First of all, be clear and concise. Explain during the opening phase of the first adventure that death and dying is a possibility. Explain that you, as the Dungeon Master, will not be going out of your way to kill any playing characters. However, make it clear that choices within the game have consequences. Egress and retreat is as much an option as engaging in combat. You should be very clear that just because the playing characters encounter a situations, trap, or monster does not mean that the encounter is balanced or intended for mastery. There may be some situations or creatures within the adventure and campaign that they will not be able to defeat and should be avoided. Also remind them that the skills of out witting an opponent earns them XP just as quickly as hacking it into pieces. Sometimes a party fo adventurers must run away to fight another day!
Secondly, make note of the game mechanics you will be using to determine death. Will you call for saving throws? Will you use SYstem Shock checks? Will the playing character in question be dead upon reaching “0” hit points or will actual death come only after slipping to “-10” hit points? Make sure to go over this information before slogging through a gaming session. For example, in my homebrew AD&D campaign, I use the following: dropping to “0” hit points leads to unconsciousness and “-10” is death. This allows the players to gauge what chances they wish to take with their precious playing characters.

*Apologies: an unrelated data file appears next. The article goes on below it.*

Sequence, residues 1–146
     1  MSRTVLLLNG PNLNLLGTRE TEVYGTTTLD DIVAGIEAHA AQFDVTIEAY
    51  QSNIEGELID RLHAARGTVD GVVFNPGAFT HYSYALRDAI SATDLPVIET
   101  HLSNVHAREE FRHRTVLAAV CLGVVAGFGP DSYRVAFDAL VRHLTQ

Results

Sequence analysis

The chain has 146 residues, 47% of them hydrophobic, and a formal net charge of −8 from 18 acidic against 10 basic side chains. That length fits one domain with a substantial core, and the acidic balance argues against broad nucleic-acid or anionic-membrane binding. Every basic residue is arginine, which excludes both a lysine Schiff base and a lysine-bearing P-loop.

Next, consider the availability of healing sources. You may think about making your campaign a bit deadlier by restricting access to healing spells, abilities, and magical items. You might get rid of spells and magical items that bring people back to life. This includes spells such as raise dead, raise dead fully, reincarnation, and clone. This makes the campaign a lot more deadly. For example, in my homebrew Blackmoor campaign, Healing Potions do exist but they are few and far between. However, I recall several AD&D campaigns from my past where healing potions were readily available, and consumed by the dozen. It just depends on what kind of game you want to offer to your players.
And while we are on the subject: What about spells that overcome death? Resurrection, for example. In my view, the rule of thumb here is to be logical enough to allow Resurrection to happen from time to time for a really, really good reason. However, it’s not something that happens every day to every person. Otherwise, consider the impact that happen in society. Death wouldn’t really matter because everyone would respawn like a video game. Death might become trivial, or perhaps even recreational. Always consider the impact such things would have on the world around the playing characters.